Virginie Sélavy, Sight and Sound, 20 May 2022
Enys Men is a mind-bending Cornish folk horror set in 1973 that unfolds on an uninhabited island off the Cornish coast. A wildlife volunteer’s daily observations of a rare flower take a dark turn into the strange and metaphysical, forcing both her and viewers to question what is real and what is nightmare. Is the landscape not only alive but sentient? Shot by Jenkin on grainy 16mm colour film stock and with his trademark post-synched sound, the form feels both innovative and authentic to the period. Filmed on location around the disused tin mines of West Penwith, it is also an ode to Cornwall’s rich folklore and natural beauty.
Mary Woodvine (Poldark, Judge John Deed, Doc Martin), who played Sandra in Bait, is The Volunteer. She reunites with Bait co-star Edward Rowe (The Witcher, House of the Dragon) who is The Boatman. Based in West Cornwall, and previously working in theatre, film and television for over 30 years, Mary Woodvine is in almost every scene of the film and gives an astonishing, naturalistic performance, working with minimal dialogue and with the camera following her in extreme close-up.
Filmmaker Mark Jenkin is based in a studio in Newlyn, West Cornwall where he writes, edits and scores his films himself. After making a number of short and mid-length films including Bronco’s House (2015), his debut feature Bait premiered at the Berlinale 2019. Through critical acclaim and word-of-mouth it became a huge arthouse hit, eventually screening at hundreds of cinemas and taking over half a million at the UK box office. Mark Jenkin and his producers, Linn Waite and Kate Byers, won the BAFTA for outstanding debut by a writer, producer or director. Mark received further awards from film festivals around the world and he was honoured with a Grand Bard’s Award for Special Achievement in Cornwall.
To contextualise the film and the inspirations behind it, giving audiences the opportunity to enjoy some rich and rarely seen content, BFI Southbank and BFI Player have invited Mark Jenkin to programme a season, The Cinematic DNA of Enys Men. Including features, documentaries, TV programmes and shorts, the season will run throughout January 2023.
Enys Men is pronounced ‘mane’ and means stone island in Cornish. Menhirs, or standing stones (from the Cornish for long stone) are monumental stones, prolific across Cornwall, typically dating from the Bronze Age.
bfi.org.uk, 20 September 2022
Directed by: Mark Jenkin
©: Bosena Ltd
a Bosena production: Bosena
Presented by: Film4
In association with: Sound Image Cinema Lab
Executive Producers: Deborah Boden, Ben Coren, Lauren Dark, Johnny Fewings, Kingsley Marshall, Denzil Monk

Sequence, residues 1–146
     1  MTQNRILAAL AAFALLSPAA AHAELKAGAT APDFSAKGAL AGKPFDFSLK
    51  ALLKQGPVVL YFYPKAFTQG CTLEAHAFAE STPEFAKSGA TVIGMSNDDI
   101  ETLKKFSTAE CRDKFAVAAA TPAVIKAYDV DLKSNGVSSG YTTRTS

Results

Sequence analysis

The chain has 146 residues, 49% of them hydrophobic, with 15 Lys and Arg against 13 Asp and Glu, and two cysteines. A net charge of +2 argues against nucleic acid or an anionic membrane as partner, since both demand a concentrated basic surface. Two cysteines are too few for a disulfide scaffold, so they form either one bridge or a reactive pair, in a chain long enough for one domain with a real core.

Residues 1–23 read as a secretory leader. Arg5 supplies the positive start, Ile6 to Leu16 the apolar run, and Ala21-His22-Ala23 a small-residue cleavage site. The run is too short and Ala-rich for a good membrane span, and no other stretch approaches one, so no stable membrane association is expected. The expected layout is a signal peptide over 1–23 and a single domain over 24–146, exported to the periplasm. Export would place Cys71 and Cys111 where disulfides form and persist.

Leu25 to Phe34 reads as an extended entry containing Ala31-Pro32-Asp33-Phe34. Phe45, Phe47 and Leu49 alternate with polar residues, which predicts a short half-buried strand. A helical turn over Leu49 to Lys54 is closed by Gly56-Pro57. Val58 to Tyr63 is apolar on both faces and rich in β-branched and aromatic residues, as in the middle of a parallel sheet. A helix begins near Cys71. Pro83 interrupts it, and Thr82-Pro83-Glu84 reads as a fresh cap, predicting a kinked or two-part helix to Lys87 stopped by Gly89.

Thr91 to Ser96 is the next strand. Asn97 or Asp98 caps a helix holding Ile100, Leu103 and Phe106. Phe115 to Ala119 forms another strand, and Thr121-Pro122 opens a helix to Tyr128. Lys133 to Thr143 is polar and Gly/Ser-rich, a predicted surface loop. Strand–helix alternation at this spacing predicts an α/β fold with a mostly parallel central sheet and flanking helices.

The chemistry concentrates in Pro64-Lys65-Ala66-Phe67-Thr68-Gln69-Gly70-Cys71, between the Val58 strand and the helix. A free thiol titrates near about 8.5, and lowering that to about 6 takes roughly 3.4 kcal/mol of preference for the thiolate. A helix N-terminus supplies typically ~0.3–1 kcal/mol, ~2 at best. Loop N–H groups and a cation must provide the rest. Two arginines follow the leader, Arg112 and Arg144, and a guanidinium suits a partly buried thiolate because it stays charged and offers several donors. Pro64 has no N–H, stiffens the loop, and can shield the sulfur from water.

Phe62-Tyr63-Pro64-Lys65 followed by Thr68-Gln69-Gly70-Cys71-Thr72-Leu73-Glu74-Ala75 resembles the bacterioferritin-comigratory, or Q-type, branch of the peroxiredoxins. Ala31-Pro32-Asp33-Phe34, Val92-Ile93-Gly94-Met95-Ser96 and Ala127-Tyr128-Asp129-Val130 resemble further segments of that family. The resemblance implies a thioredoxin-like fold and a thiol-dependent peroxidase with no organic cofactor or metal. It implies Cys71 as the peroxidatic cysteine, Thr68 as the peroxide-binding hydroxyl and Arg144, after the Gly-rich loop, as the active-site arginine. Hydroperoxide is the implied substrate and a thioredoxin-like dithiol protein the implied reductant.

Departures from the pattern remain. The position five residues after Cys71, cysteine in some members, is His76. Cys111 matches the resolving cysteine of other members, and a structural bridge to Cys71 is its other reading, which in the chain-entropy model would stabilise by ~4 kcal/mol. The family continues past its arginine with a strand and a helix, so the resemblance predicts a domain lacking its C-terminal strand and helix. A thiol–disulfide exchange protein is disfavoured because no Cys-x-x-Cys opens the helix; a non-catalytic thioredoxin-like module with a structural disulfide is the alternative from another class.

Produced by: Denzil Monk
Post-production Supervisor: Michael Todd
Written by: Mark Jenkin
Original Story Idea by: Mark Jenkin, Adrian Bailey
Director of Photography: Mark Jenkin
Lighting Camera: Colin Holt
Film Editor: Mark Jenkin
Production Designers: Joe Gray, Mae Voogd
Sound Editor: Mark Jenkin
Mary Woodvine (the volunteer)
Edward Rowe (the boatman)
Flo Crowe (the girl)
John Woodvine (the preacher)
Joe Gray (the miner)
Loveday Twomlow (the baby)
Denzil Monk (Charles Green)
Kingsley Marshall (Mathi Keast)
Jonny Dry (Robert Spargo)
Luke Hudson (Harry Uren)
Michael Eddy (John Trebilcock)
Isaac King (William Angove Sr.)
Morgan Ansell (William Angove Jr.)
A BFI release
MARK JENKIN’S THE CINEMATIC DNA OF ENYS MEN
Walkabout + Oss Oss Wee Oss
Sun 1 Jan 13:10; Mon 9 Jan 20:30
The Stone Tape + Journey to Avebury
Mon 2 Jan 15:40
Jeanne Dielman, 23 Rue du Commerce, 1080 Bruxelles
Wed 4 Jan 18:30; Sat 28 Jan 16:15
Symptoms + Stigma
Fri 6 Jan 18:10; Sun 15 Jan 15:30
Lost Highway + Jaunt
Fri 6 Jan 20:15; Sun 22 Jan 18:10
Haunters of the Deep + The Living and the Dead Episode 2
Sun 8 Jan 13:20; Sat 14 Jan 20:40
Long Weekend + Between the Tides
Tue 10 Jan 18:20; Mon 23 Jan 20:30
Penda’s Fen + A Warning to the Curious
Wed 11 Jan 17:50
Two Years at Sea + A Portrait of Ga
Sat 14 Jan 18:00 (+ intro and Q&A with Mark Jenkin and Ben Rivers); Tue 24 Jan 20:45
Daguerréotypes + World of Glory
Sun 15 Jan 12:00 (+ intro by Mark Jenkin); Thu 26 Jan 20:50
Sun 15 Jan18:00; Mon 30 Jan 20:50
Requiem for a Village + The Signalman
Fri 17 Jan 18:20; Tue 31 Jan 20:40
Berberian Sound Studio + Wind
Sun 29 Jan 15:30 (+ intro by Mark Jenkin and Peter Strickland); Tue 31 Jan 18:10
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Programme notes and credits compiled by the BFI Documentation Unit